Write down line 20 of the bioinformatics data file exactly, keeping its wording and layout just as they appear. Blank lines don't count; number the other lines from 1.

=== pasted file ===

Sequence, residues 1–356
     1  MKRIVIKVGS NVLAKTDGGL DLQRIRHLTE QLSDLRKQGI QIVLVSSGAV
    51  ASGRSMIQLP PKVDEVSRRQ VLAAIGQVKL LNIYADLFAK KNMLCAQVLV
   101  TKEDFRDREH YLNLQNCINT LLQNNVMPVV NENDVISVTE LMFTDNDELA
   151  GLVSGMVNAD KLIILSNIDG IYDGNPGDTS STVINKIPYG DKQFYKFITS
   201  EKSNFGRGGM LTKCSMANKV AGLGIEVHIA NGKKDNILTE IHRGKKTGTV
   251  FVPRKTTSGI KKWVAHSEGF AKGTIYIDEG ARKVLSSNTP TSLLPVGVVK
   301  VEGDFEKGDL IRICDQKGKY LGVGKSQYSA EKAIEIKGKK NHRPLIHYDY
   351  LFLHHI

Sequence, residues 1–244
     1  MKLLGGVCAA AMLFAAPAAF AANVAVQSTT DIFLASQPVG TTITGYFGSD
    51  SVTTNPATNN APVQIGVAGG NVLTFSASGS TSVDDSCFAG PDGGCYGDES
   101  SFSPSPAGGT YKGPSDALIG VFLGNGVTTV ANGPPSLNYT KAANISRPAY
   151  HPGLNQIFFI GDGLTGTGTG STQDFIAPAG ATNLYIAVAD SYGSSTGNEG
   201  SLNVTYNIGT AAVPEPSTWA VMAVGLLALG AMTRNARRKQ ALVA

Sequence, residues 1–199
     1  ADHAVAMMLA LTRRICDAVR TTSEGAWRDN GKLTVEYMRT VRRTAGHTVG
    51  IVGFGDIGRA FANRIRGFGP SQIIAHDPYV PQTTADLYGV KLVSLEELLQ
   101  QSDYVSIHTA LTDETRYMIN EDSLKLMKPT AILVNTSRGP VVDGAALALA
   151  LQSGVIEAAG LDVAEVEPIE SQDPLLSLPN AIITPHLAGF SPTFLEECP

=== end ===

   151  LQSGVIEAAG LDVAEVEPIE SQDPLLSLPN AIITPHLAGF SPTFLEECP